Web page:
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« Reply #11 on: April 20, 2009, 04:43:42 AM »

Craig,

I got it out, now I need to pick up a new bearing and race. Race Temken 6320  bearing is a Bower 6379 ( I wounder why they are both not the same manuactorer?). I guess I will try the truck shops and a bearing company we have in Beaumont.

Welding, great idea, I have been around welding for 44 years, not just cause of this challenge, but I really wish I had taken time out to learn to weld.

John

I don't know the specifics of this one, but IIRC the numbers should be the same,  may have been replaced with out the race change over years.  Bearing house can help you there.
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gumpy
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« Reply #12 on: April 20, 2009, 06:06:35 AM »

Craig,

I got it out, now I need to pick up a new bearing and race. Race Temken 6320  bearing is a Bower 6379 ( I wounder why they are both not the same manuactorer?). I guess I will try the truck shops and a bearing company we have in Beaumont.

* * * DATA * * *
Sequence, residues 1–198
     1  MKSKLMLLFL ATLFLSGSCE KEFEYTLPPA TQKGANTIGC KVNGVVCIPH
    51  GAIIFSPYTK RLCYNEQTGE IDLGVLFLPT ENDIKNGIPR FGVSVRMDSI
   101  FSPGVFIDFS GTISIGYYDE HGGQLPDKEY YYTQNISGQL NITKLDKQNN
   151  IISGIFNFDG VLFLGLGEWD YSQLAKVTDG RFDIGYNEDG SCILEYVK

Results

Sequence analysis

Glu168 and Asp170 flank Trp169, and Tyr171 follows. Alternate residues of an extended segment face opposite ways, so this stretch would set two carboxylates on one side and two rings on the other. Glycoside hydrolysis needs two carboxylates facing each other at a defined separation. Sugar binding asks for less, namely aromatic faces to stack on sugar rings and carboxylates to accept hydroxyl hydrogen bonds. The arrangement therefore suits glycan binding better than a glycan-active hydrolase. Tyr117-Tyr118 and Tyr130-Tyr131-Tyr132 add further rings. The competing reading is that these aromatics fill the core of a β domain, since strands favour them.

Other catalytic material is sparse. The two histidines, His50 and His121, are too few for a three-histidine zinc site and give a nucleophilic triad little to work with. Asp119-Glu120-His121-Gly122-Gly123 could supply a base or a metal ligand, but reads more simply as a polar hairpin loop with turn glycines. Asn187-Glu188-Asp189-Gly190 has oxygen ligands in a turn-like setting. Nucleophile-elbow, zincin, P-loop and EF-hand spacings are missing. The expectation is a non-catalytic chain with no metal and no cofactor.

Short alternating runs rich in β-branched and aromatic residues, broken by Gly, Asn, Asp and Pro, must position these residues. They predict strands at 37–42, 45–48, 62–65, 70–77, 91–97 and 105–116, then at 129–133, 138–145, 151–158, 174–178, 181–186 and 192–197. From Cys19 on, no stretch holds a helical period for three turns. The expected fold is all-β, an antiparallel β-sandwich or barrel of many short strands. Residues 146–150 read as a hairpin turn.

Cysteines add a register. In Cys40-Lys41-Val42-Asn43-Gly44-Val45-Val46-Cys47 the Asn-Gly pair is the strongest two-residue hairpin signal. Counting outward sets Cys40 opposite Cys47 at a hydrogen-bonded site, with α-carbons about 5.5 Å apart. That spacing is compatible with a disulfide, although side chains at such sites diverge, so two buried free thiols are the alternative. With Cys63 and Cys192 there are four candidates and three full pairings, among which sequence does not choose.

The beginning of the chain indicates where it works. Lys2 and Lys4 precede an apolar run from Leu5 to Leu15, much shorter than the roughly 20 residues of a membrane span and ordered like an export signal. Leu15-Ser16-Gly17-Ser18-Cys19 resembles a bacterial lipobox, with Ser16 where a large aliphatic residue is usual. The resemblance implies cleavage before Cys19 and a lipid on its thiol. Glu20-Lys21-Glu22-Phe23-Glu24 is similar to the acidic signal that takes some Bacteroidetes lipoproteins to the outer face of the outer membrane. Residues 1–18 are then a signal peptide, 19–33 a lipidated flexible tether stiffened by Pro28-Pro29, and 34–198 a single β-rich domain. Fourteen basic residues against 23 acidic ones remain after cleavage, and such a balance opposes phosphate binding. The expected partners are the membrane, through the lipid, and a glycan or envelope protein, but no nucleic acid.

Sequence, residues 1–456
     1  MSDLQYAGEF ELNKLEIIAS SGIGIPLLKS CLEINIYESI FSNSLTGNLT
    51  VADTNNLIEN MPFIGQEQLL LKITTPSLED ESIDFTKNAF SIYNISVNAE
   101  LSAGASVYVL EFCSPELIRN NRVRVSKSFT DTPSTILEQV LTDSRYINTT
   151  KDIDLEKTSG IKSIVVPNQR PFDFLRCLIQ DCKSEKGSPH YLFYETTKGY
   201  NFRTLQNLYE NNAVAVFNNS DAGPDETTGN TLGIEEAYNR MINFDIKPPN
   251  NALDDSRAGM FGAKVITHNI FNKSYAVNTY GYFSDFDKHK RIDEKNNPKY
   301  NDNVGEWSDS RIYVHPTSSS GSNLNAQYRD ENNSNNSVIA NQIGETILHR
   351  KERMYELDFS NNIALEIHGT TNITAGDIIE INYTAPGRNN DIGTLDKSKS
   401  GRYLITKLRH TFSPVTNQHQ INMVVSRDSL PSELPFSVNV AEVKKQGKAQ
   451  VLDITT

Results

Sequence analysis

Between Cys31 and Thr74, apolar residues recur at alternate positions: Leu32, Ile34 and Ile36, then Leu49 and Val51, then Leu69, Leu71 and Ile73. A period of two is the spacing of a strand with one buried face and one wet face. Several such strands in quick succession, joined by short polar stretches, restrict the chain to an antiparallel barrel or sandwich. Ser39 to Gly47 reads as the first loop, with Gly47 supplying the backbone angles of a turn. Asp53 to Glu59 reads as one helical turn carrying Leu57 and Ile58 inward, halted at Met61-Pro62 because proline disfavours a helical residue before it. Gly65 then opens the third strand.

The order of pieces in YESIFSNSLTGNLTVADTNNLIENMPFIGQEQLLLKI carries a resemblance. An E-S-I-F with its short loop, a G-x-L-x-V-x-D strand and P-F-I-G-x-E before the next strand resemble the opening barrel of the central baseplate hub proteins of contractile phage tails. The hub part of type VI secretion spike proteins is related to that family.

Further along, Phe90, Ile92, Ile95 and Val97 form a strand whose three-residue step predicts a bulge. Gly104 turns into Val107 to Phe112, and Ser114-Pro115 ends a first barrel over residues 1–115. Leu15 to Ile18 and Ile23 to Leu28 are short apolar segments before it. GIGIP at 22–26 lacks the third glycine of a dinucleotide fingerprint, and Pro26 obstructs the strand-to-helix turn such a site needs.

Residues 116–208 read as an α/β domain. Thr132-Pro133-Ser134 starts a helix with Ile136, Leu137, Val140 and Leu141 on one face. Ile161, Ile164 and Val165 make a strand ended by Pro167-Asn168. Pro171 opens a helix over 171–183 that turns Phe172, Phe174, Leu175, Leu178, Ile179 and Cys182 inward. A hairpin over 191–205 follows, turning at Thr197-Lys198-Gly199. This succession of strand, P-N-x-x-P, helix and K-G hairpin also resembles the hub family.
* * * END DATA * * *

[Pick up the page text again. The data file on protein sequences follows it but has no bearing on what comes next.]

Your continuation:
Welding, great idea, I have been around welding for 44 years, not just cause of this challenge, but I really wish I had taken time out to learn to weld.

John

I agree with Paul on this. Mfg doesn't really matter. Both Timken and Bower are good, tough I would choose Timken if I had a choice just because I've used them all my life.  I think some of mine that I got from the bus repair shop might have been Bower, though. Don't remember now.

If you have problems getting them, let me know. I can point you to other sources, but any decent bearing place should have them or be able to get them for you. These are not uncommon.


craig
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Craig Shepard
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« Reply #13 on: April 20, 2009, 09:34:14 AM »

My very first question on reading this thread was "what kind of oil was in that hub that it let rust form".  Really!  I thought oil bath was superior to grease pack.  Am I wrong?

John
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NewbeeMC9
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« Reply #14 on: April 20, 2009, 09:38:04 AM »


Oil bath doesn't cover the whole bearing. so if the bearing sits for a long time the oil does not get stirred up and the top part of the bearing can get dry and moisture from air cause rust.  good reason to move bus around every so often.